Sound Study Guide


It’s New Year’s Eve, and you’re off to the fireworks display in the city with your family. The clock hits midnight, and the whole crowd erupts in a cheer as they reach the end of their count down. The fireworks start with aerial shells shooting into the air, and as always, you see the flash and sparkly stars before hearing the “thuds”! Have you ever stopped to nerd out and ponder why it is that the sound always arrives a few seconds after the flash? If you’re thinking sound waves, then you are definitely headed in the right direction!



In physics, a sound wave is a vibration that propagates as mechanical waves through a medium. Sound can travel in solids, liquids, and gasses. It travels the fastest in solids and slowest in liquids. Sound waves are not too different from the ripples that form on a lake when you drop a stone into it. The energy travels outward in the form of a wave getting weaker the further it goes. Sound waves are similar, except they are 3-dimensional and travel outward like a bubble. The human ear is designed to detect the pressure of this bubble, and it is what we perceive as sound.


Sound wavesSource

A sound wave is a type of mechanical wave called a longitudinal wave. It is characterized by the wave’s energy propagating parallel to the direction of the vibrating particles. In the air, sound moves as a wave that generates continuous compression and rarefaction of gas molecules from the source to our ears.

When the tuning fork in the figure rings, it continuously transmits the vibration to the air molecules in its surroundings. This vibration gets passed on to adjacent air molecules in all directions as a wave with alternating high (compression) and low pressure (rarefaction). Our ears perceive sound by detecting the low and high-pressure periods that transmit the vibration to our eardrums.


Longitudinal waves which make up sound are different from transverse waves. In transverse waves, the propagation of energy is perpendicular to the direction of vibration of the particles. Waves on a stretched string and waves on the water are examples of transverse waves.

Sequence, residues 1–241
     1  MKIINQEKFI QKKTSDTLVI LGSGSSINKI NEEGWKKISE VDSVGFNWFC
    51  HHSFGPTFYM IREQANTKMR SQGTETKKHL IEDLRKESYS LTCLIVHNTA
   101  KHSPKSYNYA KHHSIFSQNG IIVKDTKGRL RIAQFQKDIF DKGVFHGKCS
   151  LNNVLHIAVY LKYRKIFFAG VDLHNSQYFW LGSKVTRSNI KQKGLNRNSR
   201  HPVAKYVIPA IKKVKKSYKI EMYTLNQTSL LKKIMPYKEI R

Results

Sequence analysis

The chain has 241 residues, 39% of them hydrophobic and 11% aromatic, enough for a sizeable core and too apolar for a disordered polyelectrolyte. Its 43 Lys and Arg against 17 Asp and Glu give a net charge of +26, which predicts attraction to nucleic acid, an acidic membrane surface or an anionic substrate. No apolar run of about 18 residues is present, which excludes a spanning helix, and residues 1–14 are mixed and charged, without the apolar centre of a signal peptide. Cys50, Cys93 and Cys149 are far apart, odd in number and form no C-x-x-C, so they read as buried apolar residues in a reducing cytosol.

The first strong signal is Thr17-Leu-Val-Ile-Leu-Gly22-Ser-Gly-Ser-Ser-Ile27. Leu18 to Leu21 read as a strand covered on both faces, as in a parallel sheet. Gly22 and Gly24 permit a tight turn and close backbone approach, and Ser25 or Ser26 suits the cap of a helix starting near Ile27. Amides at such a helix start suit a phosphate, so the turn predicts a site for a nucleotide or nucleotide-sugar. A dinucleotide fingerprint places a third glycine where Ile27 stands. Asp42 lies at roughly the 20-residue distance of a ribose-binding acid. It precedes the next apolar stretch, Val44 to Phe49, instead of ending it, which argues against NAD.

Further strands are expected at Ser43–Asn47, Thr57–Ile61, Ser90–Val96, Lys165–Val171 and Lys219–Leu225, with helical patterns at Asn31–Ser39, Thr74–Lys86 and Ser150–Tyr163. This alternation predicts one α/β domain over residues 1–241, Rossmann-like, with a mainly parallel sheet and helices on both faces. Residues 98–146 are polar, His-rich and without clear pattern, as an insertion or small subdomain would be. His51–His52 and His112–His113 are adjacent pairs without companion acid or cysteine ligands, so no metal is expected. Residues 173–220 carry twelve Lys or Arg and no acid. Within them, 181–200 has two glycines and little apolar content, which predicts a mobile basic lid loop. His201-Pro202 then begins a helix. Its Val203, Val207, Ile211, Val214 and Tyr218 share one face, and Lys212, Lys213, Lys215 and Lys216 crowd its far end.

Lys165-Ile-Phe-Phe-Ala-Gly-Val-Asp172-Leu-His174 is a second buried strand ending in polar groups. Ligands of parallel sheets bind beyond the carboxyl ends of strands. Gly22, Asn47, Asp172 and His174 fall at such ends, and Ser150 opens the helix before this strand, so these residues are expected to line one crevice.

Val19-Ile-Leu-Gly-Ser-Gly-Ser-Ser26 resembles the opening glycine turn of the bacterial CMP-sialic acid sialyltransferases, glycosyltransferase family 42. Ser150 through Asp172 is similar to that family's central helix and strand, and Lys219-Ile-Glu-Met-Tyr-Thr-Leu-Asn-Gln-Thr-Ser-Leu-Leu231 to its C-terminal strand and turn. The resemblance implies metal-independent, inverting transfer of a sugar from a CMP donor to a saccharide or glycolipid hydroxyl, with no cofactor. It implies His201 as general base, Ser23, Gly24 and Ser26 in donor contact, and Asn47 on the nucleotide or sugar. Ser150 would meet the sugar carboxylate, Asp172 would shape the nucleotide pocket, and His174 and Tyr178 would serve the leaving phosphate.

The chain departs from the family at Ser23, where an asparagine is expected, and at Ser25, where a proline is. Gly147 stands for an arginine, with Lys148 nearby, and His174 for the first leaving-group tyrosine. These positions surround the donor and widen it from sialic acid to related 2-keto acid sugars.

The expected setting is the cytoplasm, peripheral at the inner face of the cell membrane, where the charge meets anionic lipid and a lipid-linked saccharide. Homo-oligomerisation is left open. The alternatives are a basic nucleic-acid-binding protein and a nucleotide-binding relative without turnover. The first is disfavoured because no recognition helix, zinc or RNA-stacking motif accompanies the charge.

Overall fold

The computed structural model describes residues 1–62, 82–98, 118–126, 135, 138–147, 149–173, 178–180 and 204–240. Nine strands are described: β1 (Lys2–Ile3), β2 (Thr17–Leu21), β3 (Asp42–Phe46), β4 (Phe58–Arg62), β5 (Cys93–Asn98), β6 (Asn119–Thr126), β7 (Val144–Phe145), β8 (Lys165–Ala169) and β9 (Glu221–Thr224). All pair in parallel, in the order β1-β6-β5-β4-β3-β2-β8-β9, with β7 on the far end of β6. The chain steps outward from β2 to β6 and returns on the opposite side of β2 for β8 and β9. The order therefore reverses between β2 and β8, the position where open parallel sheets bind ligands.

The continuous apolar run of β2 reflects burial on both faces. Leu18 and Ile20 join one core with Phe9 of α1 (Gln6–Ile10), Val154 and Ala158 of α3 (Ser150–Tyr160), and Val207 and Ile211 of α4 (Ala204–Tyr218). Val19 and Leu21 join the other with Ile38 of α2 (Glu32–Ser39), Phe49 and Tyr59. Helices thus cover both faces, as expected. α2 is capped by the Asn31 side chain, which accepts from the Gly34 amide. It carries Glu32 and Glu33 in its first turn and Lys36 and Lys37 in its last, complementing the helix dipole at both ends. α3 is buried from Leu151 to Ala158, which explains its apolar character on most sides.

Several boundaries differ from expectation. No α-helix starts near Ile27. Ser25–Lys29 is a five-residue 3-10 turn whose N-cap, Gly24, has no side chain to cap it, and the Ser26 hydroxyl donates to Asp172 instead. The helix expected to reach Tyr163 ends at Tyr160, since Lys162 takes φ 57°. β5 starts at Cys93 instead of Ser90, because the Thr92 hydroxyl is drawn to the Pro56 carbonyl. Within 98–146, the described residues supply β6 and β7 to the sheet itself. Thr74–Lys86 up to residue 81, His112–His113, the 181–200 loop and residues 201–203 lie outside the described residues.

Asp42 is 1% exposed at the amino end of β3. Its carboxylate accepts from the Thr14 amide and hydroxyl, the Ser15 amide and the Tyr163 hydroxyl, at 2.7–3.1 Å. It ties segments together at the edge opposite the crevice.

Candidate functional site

Since sound requires a medium to travel, it cannot travel in a vacuum such as space.


Sound waves being longitudinal depend on the density and elastic property of the medium to travel faster or slower. Sound travels fastest in solids and slowest in gas. The molecules are tightly packed together in solids and transmit sound faster than liquids and gasses.

The speed of sound in air at sea level is about 346 m/s, whereas the speed of sound in Aluminum is 6,320 m/s! Going back to the fireworks display, sound travels a lot slower than light. Therefore, you always hear the sound after a few seconds of the flash.


  • A sound wave is a vibration that propagates as mechanical waves through a medium.
  • Sound waves are longitudinal waves that travel as compression and rarefaction of air molecules.
  • The speed of sound is different in different mediums.


1. What is sound?

Going by the sound definition in physics, it is a pressure wave generated by a vibrating object perceived by our ears.

2. What are the three types of sound?

Sound waves can be classified as longitudinal, mechanical, and pressure waves.

3. What is an example of sound?

Lightning, everyday sounds are coming from vehicles, birds, and speech.

We hope you enjoyed studying this lesson and learned something cool about Sound! Join our Discord community to get any questions you may have answered and to engage with other students just like you! Don’t forget to download our App to experience our fun, VR classrooms – we promise, it makes studying much more fun! 😎


  1. 17.1 Sound Wave. Accessed 28 Jan 2022.
  2. Types of Waves. Accessed 28 Jan 2022.
  3. Are sound waves longitudinal waves or transverse waves?. Accessed 28 Jan 2022.

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